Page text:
In the world of real estate investing, opportunities can be found in unexpected places. Distressed multifamily properties can stand out as hidden gems and become potentially lucrative ventures. These properties which are often facing financial or structural challenges, can be turned into profitable investments with the right strategy and mindset. In this blog, we will be exploring how to find distressed multifamily properties and how you can turn them into profitable investment opportunities.
What Are Distressed Multifamily Properties?
A distressed property is a building that is facing financial, operational, or structural challenges. They may be in the process of foreclosure, suffering from negligence, or tend to have a high vacancy rate. As real estate investors, once you find distressed multifamily properties, you will need to acquire and renovate these assets to increase their value and restore their income potential.
Why Choose Distressed Multifamily Properties?
- Cheaper to purchase – Distressed properties can often be found priced below market value.
- Freedom to rehabilitate – By working on strategic renovations and improving the management of the property, a distressed property can be fully revitalized.
- Scaling portfolios – If you add distressed multifamily properties to your real estate portfolio, you can diversify your range which can even help weather tough economic conditions if they arise.
- Becoming socially responsible – These rehabilitated properties can add to the availability of affordable housing in the local community.
Finding A Distressed Property
1. Checking Lists of Foreclosures
Monitoring foreclosure listings is a great way to find new distressed multifamily properties in a specific area. People who utilize these listings are often motivated sellers who are looking to make a quick sale of the distressed property.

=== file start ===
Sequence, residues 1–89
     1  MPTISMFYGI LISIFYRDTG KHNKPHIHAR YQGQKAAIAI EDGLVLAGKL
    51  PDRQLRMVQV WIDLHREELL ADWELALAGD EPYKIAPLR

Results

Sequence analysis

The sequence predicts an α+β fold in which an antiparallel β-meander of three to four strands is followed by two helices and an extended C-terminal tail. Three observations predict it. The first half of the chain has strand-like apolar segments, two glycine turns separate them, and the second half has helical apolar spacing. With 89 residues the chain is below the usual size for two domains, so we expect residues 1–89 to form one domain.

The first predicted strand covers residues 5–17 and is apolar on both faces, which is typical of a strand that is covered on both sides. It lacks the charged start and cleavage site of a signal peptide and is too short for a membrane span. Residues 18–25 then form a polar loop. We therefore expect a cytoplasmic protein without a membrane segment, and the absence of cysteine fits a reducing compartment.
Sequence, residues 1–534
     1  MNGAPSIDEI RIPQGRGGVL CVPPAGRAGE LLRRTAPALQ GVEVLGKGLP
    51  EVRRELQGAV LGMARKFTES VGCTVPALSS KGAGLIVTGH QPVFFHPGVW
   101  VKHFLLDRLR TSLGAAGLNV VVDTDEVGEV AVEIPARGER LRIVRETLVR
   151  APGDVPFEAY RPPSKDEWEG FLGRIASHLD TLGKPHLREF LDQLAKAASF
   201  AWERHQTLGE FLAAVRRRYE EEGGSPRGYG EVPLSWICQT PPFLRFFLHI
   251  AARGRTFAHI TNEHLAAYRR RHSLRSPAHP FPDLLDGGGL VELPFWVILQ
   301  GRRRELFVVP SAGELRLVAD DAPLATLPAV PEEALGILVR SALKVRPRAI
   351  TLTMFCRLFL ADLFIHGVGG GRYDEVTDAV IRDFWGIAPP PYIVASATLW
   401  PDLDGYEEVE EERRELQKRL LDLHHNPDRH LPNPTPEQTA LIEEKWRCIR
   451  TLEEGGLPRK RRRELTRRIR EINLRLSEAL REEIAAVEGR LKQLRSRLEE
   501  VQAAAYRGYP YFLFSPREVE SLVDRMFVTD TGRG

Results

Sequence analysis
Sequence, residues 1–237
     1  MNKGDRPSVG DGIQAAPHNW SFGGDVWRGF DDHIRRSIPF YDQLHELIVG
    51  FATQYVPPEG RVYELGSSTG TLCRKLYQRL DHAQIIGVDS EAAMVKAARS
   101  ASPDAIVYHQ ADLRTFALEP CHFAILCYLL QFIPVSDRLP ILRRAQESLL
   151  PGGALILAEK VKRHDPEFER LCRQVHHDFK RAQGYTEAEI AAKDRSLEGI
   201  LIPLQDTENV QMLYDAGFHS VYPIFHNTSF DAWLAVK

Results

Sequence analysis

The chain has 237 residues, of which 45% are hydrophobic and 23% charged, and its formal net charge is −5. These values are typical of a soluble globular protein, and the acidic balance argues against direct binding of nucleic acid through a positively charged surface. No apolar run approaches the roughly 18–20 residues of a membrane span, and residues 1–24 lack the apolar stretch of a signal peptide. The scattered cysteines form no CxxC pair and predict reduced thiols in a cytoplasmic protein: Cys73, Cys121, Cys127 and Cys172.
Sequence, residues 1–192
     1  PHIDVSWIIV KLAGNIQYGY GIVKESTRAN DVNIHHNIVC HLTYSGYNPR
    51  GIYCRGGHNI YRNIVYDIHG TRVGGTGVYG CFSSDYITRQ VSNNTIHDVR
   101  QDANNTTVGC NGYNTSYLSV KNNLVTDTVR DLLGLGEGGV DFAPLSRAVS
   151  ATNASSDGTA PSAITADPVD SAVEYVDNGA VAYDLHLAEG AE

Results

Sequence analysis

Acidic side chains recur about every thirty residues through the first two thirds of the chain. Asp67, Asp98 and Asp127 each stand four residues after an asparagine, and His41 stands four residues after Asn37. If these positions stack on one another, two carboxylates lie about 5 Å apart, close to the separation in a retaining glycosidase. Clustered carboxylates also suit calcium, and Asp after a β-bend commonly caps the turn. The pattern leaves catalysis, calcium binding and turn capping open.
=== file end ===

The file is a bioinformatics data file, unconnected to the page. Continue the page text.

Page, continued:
2. Working With Other Real Estate Agents
There are experienced real estate agents who tend to specialize in specific areas, even distressed properties. They will have access to networks in the industry and news about new properties being listed on the local real estate market. You can work with these agents to identify opportunities you can act upon.
3. Searching Through Online Listings
This process will involve exploring online real estate listings and platforms that are specifically tailored towards distressed properties. Some of these websites include foreclosure.com and auction.com through which people can list any of their distressed properties. You will need to check them often to avoid missing any potential new entries.
4. Uncovering Information Through Public Records
Public records, such as tax delinquency lists and court filings, are another method you can use to identify properties with financial distress. While these may not always provide results, they can point you in the right direction to start looking.
5. Scouting By Driving Around Neighborhoods